Podcast: how central banks are using securities lending

Central banks are “critical” players in the securities lending market. Securities lending is the lending of stocks or bonds for which a borrower provides collateral and pays a fee.

Securities lending works as a “portfolio overlay strategy to deliver alpha or excess return to a portfolio of fully paid securities,” says Michael Saunders, head of agency lending for the Americas at BNP Paribas Securities Services. central bank.

Central banks may use securities lending to inject liquidity into a market or to increase their own returns.

In this central bank podcast, Saunders explains why high-quality liquid assets from central banks are highly sought after in the market.

“There are about $24 trillion in assets in the supply-side securities lending market, with about $2.5 trillion in assets on loan,” Saunders said.

Breaking that down a bit further, “about $2.2 trillion in sovereign debt is available for market lending,” with a current balance of “about $800 billion.”

Market participants may wish to borrow high-quality liquid assets to meet regulatory ratios, such as the liquidity coverage ratio or net stable funding ratio.

Another driver of demand for securities lending is opportunistic lending or trading. This can be achieved by “taking advantage of trading in basis spreads between currencies”. This is often a measure of the shortage of dollars in the market.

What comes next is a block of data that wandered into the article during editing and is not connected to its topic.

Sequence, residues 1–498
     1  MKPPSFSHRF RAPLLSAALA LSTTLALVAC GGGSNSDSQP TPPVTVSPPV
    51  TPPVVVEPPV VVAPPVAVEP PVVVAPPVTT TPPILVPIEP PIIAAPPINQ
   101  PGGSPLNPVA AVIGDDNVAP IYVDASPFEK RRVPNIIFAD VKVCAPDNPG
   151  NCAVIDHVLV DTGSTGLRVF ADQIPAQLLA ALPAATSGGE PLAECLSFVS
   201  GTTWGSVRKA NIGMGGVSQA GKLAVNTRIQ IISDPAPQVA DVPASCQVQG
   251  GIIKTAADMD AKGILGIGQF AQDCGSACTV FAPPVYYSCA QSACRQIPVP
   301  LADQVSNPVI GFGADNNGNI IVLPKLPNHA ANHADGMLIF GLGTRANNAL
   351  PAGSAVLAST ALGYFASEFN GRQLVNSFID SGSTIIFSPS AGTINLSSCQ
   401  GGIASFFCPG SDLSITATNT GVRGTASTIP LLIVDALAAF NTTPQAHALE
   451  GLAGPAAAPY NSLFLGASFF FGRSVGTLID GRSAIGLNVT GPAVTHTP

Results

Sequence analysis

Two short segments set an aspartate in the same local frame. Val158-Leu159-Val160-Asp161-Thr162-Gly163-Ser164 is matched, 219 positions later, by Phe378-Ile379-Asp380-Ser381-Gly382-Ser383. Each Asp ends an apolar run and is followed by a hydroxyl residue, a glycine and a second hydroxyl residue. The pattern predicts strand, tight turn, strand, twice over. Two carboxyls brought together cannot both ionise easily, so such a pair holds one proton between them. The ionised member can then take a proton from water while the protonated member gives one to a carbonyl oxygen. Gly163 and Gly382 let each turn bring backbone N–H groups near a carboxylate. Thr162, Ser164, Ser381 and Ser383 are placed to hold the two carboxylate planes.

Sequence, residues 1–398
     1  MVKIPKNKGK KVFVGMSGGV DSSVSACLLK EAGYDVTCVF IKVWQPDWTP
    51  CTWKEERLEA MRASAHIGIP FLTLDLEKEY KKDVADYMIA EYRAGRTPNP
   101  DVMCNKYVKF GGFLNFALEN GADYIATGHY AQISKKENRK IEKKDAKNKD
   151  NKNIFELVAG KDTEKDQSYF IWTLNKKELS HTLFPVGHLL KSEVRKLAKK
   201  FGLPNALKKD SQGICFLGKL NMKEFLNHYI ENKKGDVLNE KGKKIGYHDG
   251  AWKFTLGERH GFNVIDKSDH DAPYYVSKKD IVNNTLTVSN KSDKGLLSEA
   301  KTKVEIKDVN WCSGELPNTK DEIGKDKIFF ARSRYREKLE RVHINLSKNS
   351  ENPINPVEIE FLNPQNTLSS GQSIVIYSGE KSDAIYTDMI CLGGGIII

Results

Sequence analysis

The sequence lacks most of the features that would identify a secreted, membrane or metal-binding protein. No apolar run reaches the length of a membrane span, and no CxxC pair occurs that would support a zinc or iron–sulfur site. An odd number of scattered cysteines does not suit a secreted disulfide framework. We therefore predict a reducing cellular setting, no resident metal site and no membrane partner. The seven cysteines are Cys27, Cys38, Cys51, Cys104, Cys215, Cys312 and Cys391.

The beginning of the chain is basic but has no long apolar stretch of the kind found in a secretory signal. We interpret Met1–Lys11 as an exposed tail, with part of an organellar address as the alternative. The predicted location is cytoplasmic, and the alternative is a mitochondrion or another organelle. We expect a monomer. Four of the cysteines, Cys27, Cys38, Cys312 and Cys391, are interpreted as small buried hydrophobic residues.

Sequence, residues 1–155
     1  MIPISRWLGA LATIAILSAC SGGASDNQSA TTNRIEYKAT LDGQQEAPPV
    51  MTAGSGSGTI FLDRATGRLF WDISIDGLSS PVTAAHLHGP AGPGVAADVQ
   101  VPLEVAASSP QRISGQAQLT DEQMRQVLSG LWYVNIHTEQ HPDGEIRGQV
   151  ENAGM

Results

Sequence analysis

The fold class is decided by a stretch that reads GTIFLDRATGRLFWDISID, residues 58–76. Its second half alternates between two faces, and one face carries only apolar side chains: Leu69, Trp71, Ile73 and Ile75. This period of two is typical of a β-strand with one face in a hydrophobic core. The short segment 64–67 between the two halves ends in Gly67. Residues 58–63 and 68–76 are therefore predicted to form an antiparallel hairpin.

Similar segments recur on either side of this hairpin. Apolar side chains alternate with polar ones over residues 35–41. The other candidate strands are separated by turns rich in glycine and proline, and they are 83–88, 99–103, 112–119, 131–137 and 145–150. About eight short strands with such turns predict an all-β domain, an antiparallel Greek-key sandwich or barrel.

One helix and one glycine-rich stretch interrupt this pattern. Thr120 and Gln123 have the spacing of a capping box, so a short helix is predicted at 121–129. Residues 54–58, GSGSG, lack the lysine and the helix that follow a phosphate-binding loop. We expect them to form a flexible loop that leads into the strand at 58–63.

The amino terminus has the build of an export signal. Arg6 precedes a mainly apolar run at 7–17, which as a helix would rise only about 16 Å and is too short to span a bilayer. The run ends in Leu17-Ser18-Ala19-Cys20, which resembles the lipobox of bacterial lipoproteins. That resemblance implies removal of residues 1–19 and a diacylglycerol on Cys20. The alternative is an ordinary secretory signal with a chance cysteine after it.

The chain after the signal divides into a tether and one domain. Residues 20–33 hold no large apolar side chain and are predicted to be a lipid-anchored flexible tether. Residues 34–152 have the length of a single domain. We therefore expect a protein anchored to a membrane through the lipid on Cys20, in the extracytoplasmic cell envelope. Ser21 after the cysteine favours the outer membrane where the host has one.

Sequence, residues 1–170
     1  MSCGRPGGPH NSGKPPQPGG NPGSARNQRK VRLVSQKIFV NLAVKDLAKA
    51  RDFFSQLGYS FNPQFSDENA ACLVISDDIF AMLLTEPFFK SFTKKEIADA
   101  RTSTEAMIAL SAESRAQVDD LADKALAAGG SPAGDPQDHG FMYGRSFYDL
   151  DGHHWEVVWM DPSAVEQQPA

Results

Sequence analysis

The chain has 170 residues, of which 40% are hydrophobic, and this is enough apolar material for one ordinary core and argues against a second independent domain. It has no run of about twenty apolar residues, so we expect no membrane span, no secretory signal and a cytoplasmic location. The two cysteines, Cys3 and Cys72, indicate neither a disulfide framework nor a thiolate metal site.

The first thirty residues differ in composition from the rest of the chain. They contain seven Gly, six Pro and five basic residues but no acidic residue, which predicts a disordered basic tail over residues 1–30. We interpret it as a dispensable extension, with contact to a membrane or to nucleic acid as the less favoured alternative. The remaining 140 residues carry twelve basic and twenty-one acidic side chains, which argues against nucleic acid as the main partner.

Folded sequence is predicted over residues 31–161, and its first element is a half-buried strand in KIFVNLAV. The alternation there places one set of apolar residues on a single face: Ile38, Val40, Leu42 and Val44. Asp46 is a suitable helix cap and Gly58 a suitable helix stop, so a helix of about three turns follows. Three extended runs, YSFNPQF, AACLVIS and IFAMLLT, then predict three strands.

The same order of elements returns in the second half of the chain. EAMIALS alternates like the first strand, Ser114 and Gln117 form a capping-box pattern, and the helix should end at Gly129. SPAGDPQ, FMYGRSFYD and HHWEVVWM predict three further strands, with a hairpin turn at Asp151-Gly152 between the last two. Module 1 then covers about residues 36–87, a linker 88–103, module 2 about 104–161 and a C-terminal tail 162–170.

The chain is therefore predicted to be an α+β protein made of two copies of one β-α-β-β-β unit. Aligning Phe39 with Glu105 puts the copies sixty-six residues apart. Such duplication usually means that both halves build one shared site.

Central banks can also trade on the “specialty” of a specific issue, whether it is a British gilt, a German Bund or a US Treasury, which is the subject of a request. outstanding in the market.

Because central banks provide liquidity to the market, by injecting assets that are demanded by counterparties, they are “ideal” participants in securities lending.

“Most central banks prefer to operate on what’s called a cashless collateral transaction,” Saunders says. This means that they are ready to accept securities for the one borrowed by a counterparty.

There are also capital advantages for banks’ risk-weighted assets when borrowing securities, as well as balance sheet advantages, which allow counterparties to borrow ‘significantly’.

Despite the “substantial” decline in some central banks’ reserve portfolios to fund socio-economic campaigns following the turmoil of recent years, Saunders says he sees central banks willing to engage in lending. low-margin, high-notional-volume securities.

Whether transforming collateral, monetizing special transactions, or engaging in cross-currency collateral swapping, all three of these dynamics are transparent from a pricing perspective, Saunders says.


1:00 Presentation

3:31 Types of loaned securities

5:54 Borrower goals

7:52 Demand factors

9:47 Pricing

11:49 Cross border loan